A Theory of Multiplexity: Sustaining Cooperation with Multiple Relations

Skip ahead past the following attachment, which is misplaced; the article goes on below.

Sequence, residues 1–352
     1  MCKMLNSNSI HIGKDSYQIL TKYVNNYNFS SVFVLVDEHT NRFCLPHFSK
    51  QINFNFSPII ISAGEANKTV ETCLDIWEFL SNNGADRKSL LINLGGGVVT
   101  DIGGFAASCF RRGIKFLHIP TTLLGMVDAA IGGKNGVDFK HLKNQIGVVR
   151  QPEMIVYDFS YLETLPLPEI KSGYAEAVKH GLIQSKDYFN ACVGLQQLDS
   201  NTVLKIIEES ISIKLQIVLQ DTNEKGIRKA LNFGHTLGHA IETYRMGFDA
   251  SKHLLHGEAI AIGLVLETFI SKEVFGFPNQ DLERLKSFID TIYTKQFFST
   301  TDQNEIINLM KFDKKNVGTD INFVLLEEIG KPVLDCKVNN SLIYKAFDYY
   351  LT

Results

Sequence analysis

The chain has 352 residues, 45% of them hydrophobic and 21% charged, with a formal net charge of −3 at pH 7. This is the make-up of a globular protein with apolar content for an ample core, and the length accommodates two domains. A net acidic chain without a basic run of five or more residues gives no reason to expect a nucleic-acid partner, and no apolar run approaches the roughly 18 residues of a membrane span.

People are embedded in multiple social relations. We examine when different networks overlap with each other, and especially, what network features affect the overlapping pattern. We start with the following question: When an agent has a new relation to add, would they choose to multiplex, i.e., to link with a friend, or to link with a stranger? The key tradeoff that we emphasize is the one between multiplexity (having multiple relations with the same person) and community enforcement. Multiplexity enhances cooperation because various relations serve as social collateral for each other, while linking to a stranger might better utilize community enforcement, whose power relies more on the rest of the network structure. We find the following: (1) There is a strong tendency to multiplex, and “multiplexity trap” can occur; that is, agents may keep adding relations with friends, even when it is more efficient to link with a stranger; (2) Agents tend to multiplex when the existing networks either (a) have low degree dispersions (i.e., all agents have similar numbers of friends) or (b) exhibit positive assortativity (agents are linked with those who have a similar number of friends). We also find that agents tend to multiplex more when the new relationship is more important. Using the Indian Village Survey data, we also find supportive evidence for our theoretical predictions.
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